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As It Turns Out, You Do Need A Run Game. Just Ask The Steelers.

Though it feels much longer, it has only been a few weeks since the Pittsburgh Steelers had the best record in the NFL. They were sitting at 11-0, and critics were asking if Pittsburgh was not only the best team in the AFC, but possibly the best team in the league.

Now, Pittsburgh enters the playoffs having lost four of five, including a Week 17 game played without quarterback Ben Roethlisberger against the Cleveland Browns, whom the 12-4 Steelers will face again this week in the wild-card round. But even when Roethlisberger has played, the offense has been a shell of itself through the second half of the season.

Critics have not been reluctant to divvy out blame among various position groups. But the team’s running backs have played a significant role in its struggles. Since starting the season with five consecutive 100-plus yard games on the ground, the Steelers have turned into the worst rushing team in the league, with only 667 yards in the last 11 games — not exactly where an offense wants to be entering the playoffs.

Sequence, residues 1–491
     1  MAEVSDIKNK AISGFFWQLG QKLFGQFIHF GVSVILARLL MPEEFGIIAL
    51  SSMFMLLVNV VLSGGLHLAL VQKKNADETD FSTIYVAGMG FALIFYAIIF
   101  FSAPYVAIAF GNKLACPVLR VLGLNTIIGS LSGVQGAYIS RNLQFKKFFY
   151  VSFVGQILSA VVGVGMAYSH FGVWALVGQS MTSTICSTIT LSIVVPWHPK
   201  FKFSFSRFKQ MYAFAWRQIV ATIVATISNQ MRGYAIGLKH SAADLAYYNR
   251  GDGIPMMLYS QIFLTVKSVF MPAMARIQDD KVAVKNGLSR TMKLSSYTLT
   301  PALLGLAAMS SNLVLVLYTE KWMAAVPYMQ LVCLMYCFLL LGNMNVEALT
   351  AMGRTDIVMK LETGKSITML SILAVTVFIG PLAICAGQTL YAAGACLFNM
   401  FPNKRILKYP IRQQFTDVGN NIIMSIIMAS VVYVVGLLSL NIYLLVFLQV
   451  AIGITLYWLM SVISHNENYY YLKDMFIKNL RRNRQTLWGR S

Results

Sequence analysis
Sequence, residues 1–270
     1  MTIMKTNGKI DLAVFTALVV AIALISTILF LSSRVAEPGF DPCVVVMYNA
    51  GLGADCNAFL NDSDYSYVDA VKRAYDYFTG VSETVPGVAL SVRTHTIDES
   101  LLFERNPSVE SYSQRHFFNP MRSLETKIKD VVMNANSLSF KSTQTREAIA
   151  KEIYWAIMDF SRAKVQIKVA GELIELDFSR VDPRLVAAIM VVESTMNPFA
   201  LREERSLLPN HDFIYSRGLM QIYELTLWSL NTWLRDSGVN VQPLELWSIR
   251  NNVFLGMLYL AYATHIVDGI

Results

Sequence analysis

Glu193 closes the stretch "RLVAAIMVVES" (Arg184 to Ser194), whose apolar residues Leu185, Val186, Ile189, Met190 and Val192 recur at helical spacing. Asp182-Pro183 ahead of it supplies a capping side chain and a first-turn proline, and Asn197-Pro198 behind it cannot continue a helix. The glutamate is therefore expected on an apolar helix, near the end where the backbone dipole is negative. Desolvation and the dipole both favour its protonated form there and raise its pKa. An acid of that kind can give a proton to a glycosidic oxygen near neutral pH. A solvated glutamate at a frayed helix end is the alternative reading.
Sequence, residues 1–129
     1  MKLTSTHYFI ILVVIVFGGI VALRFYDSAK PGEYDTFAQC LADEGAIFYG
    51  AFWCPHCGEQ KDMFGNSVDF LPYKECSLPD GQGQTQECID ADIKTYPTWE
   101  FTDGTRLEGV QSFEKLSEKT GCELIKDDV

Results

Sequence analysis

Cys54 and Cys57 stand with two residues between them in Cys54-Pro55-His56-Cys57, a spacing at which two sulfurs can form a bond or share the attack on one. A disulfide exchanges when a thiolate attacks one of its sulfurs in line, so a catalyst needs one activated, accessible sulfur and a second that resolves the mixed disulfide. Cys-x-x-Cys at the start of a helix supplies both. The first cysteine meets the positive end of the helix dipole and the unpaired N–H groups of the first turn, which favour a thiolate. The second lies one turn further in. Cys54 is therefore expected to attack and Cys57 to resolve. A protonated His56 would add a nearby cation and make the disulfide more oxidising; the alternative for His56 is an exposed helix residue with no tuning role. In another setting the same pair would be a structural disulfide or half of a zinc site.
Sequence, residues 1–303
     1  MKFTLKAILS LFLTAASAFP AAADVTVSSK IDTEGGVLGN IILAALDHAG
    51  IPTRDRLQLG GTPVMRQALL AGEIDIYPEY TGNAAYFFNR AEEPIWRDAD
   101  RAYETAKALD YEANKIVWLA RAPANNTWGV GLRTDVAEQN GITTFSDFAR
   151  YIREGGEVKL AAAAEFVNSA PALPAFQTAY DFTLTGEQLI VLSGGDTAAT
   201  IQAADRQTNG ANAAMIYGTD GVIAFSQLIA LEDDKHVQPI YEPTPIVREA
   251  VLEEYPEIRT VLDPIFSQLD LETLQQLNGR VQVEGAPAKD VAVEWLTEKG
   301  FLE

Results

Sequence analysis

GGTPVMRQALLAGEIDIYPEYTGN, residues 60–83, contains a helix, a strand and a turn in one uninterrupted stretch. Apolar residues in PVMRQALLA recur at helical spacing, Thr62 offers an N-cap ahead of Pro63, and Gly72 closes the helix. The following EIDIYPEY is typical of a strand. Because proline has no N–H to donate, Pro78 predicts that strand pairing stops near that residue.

Early in the season, Pittsburgh’s offense was exceptionally balanced. The unit entered a Week 7 matchup with the Tennessee Titans averaging 33.2 pass attempts and 31.8 rush attempts per game. On the ground, the Steelers’ 4.30 yards per carry was among the top half of the league, and the team’s 7.9 yards per carry on rushes outside the tackles led the NFL.

During this time, the offense rushed for 684 yards and seven touchdowns while running on 47.7 percent of its offensive snaps. The commitment to running the ball forced opposing defenses to account for it with more defenders in the box. Through the team’s first five games, opposing defenses stacked the box on 49 offensive snaps — the 10th most in the NFL.

The Steelers found balance to start the season …

Through Week 6 of the 2020 NFL season, top 10 teams by share of all offensive snaps run as rushes